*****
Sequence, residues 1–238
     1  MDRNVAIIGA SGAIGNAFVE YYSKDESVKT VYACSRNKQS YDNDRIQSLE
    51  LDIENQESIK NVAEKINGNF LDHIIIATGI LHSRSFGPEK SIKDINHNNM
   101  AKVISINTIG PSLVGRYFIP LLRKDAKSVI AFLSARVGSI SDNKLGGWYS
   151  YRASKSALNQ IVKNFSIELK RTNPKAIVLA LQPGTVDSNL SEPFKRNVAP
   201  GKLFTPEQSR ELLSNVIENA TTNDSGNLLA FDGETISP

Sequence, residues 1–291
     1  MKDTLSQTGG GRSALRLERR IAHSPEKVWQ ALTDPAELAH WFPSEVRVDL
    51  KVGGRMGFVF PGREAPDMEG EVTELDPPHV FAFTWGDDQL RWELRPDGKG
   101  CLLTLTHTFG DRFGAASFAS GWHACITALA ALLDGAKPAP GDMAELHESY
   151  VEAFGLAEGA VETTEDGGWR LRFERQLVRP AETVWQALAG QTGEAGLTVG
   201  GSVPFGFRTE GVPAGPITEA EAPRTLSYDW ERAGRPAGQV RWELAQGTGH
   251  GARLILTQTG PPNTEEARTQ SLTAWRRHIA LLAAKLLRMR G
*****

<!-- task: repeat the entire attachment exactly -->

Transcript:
Sequence, residues 1–238
     1  MDRNVAIIGA SGAIGNAFVE YYSKDESVKT VYACSRNKQS YDNDRIQSLE
    51  LDIENQESIK NVAEKINGNF LDHIIIATGI LHSRSFGPEK SIKDINHNNM
   101  AKVISINTIG PSLVGRYFIP LLRKDAKSVI AFLSARVGSI SDNKLGGWYS
   151  YRASKSALNQ IVKNFSIELK RTNPKAIVLA LQPGTVDSNL SEPFKRNVAP
   201  GKLFTPEQSR ELLSNVIENA TTNDSGNLLA FDGETISP

Sequence, residues 1–291
     1  MKDTLSQTGG GRSALRLERR IAHSPEKVWQ ALTDPAELAH WFPSEVRVDL
    51  KVGGRMGFVF PGREAPDMEG EVTELDPPHV FAFTWGDDQL RWELRPDGKG
   101  CLLTLTHTFG DRFGAASFAS GWHACITALA ALLDGAKPAP GDMAELHESY
   151  VEAFGLAEGA VETTEDGGWR LRFERQLVRP AETVWQALAG QTGEAGLTVG
   201  GSVPFGFRTE GVPAGPITEA EAPRTLSYDW ERAGRPAGQV RWELAQGTGH
   251  GARLILTQTG PPNTEEARTQ SLTAWRRHIA LLAAKLLRMR G